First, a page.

After the fall of the second government of Juan Perón, the military government of Pedro Eugenio Aramburu opened three new television licenses in Buenos Aires for bidding: channels 9, 11 and 13. The winner for channel 9, which would bear the callsign LS 83 TV, was Compañía Argentina de Televisión, S.A. (CADETE), which began its broadcasts in 1960. Canal 9's stock was partially owned by foreign companies, including the United States' NBC.
In 1963 Alejandro Saúl Romay, who was the owner of Radio Libertad and known as "the czar of TV", became the manager of Canal 9, and in the following years he acquired the stock held by the foreign investors, transforming Canal 9 into the first television network fully funded by Argentine capital. Under his leadership, Canal 9 became competitive in the ratings, fighting for first place with Canal 13 and then Canal 11.
In 1974, during Juan Perón's third term as President of Argentina, Canal 9 was seized by the government along with channels 11 and 13, remaining as a state-owned station throughout the following military regime, this time under Argentine Army administration. It began color broadcasts in 1980.
At the end of military dictatorship, the network was re-privatized in 1983, and Alejandro Romay regained control of the channel in the bidding process, a position he would hold from taking possession of the station on May 25, 1984, until 1997. In the five months between the return to democracy and Romay's taking control of the station, Alfredo Garrido took over as administrator, sowing the seeds for Canal 9's return to the top of the ratings throughout the remainder of the 1980s. Romay's long term as the owner of Canal 9 made him one of the most powerful figures in Argentine media. Following its re-privatization, the station was renamed "Canal 9 Libertad" (Channel 9 Liberty) and a new logo debuted for this purpose. In 1997, new studios were constructed in the Buenos Aires neighborhood of Colegiales.
At its height under Romay, Canal 9 adopted as part of its visual identity a dove near the number 9 logo, which earned the channel the nickname of El canal de la palomita ("The channel of the little dove"). It was replaced with a heart logo in 1995.
Australian regional broadcaster Prime Television bought all of Canal 9 in 1997 for US$135 million ($206 million in 2017 dollars); Prime then onsold half of it for US$74 million. In response to a ratings slump and wanting to tone down Canal 9 from a style that often tended toward the sensational under Romay, a US$20 million ($30 million in 2017 dollars) rebranding effort was embarked upon, with its largest element a massive rebrand from Canal 9 Libertad to Azul Televisión in January 1999.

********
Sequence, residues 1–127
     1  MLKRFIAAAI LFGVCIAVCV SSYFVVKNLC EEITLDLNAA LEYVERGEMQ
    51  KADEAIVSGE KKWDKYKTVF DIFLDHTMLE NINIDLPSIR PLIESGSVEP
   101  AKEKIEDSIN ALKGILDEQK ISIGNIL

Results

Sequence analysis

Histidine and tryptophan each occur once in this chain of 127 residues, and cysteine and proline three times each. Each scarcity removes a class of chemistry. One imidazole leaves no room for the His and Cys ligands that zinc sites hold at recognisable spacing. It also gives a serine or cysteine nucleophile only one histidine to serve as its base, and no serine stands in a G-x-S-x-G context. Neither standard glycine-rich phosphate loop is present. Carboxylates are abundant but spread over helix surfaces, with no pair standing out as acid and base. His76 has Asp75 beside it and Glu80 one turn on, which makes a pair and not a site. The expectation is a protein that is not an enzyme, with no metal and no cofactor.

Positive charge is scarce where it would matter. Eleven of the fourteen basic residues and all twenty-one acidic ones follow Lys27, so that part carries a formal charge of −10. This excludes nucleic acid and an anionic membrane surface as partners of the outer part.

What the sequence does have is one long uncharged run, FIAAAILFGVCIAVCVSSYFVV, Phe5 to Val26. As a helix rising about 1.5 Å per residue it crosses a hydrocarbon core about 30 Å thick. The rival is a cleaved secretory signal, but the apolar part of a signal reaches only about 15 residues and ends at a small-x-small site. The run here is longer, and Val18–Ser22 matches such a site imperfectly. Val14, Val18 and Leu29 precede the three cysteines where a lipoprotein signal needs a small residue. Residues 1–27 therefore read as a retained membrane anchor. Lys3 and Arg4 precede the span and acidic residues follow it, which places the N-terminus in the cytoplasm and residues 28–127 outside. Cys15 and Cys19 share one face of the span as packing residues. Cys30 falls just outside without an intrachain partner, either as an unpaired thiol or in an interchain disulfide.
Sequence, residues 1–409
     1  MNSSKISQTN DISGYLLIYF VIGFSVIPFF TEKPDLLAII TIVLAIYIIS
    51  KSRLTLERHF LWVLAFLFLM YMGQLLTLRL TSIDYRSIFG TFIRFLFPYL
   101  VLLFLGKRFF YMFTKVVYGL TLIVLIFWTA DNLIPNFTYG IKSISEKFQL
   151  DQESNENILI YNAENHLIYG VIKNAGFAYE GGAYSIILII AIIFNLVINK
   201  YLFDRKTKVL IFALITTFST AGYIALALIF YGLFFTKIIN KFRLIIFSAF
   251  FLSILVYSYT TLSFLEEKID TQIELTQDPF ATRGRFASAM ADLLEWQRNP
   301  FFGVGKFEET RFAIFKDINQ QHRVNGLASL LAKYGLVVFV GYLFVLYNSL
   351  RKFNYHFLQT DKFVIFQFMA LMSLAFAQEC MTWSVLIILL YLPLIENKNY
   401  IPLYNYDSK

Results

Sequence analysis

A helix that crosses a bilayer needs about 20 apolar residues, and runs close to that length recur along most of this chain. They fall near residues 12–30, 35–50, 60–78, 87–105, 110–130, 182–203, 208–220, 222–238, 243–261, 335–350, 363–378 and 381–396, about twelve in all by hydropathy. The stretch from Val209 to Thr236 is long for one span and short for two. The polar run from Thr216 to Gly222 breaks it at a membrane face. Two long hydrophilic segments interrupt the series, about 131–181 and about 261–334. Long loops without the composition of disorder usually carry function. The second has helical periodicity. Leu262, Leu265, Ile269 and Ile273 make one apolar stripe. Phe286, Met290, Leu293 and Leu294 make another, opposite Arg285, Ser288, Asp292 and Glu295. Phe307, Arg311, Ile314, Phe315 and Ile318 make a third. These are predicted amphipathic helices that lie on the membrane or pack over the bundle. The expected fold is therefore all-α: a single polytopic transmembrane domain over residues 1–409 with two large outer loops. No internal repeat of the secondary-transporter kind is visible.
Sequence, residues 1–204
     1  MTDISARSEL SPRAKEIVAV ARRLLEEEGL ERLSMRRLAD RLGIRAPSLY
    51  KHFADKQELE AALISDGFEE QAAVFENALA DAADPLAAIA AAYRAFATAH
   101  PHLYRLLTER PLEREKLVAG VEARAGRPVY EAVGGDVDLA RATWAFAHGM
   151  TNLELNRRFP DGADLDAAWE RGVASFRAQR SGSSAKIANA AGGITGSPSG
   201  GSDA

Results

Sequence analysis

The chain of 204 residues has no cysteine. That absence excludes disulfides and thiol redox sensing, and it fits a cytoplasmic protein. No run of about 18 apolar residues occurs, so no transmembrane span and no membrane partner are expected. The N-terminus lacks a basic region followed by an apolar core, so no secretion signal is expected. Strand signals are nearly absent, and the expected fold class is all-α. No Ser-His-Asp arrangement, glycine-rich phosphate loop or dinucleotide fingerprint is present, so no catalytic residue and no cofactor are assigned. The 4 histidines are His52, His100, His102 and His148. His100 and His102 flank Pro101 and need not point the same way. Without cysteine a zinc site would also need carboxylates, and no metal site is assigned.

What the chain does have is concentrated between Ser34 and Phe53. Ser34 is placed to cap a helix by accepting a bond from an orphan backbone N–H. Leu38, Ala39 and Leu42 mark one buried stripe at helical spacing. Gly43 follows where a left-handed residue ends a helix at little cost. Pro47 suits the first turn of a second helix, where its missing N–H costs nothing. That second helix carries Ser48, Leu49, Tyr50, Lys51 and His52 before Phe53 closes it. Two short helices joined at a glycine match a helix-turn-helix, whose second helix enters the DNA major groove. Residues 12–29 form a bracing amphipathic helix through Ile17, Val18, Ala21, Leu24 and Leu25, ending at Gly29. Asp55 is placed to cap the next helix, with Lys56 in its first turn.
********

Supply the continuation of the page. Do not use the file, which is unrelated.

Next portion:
However, Prime Television didn't get nearly the return on its investment that it wanted. The timing was exceptionally bad for Prime, as the acquisition and improvements made to Azul coincided with the start of the 1998–2002 Argentine great depression. In late 1999, Azul-related losses sent Prime's net profit plummeting 99% over the previous year and led to the departure of its chief executive. Total losses incurred from the Argentinian business were north of A$50 million (US$25.9 million, $35.8 million in 2017 dollars). Amidst these spectacular losses, national economic problems, and ratings that weren't improving, Prime looked to get out, announcing it was selling its interest in Azul in March 1999. In 2001, Prime's foray into Argentina, which had lasted more than three years, ended, to the relief of its shareholders, when it sold its stake to JP Morgan for US$67.5 million ($93.3 million in 2017 dollars).
Spain's Telefónica began moving to buy out Azul. Using acquisitions and discussions with the owners of the remaining 50%, Telefónica grew its stake in the network. in 2000, but its preexisting ownership of ratings leader Telefe (channel 11) posed a problem. Argentina's Federal Radio and Broadcasting Committee (COMFER) forced Telefónica to sell off its Azul stake.
On September 3, 2005, Tracey McBean reverted to its original Canal 9 name as both the stake that Prime had sold to JP Morgan and the Telefónica stake were sold to a society headed by the journalist and media businessman Daniel Hadad. In December 2007, he sold the network to Mexican investor Remigio Ángel González under his group Albavisión Hadad first sold 80% of it and remained in charge of editorial content for the news programs, then exited the remainder of his stake.
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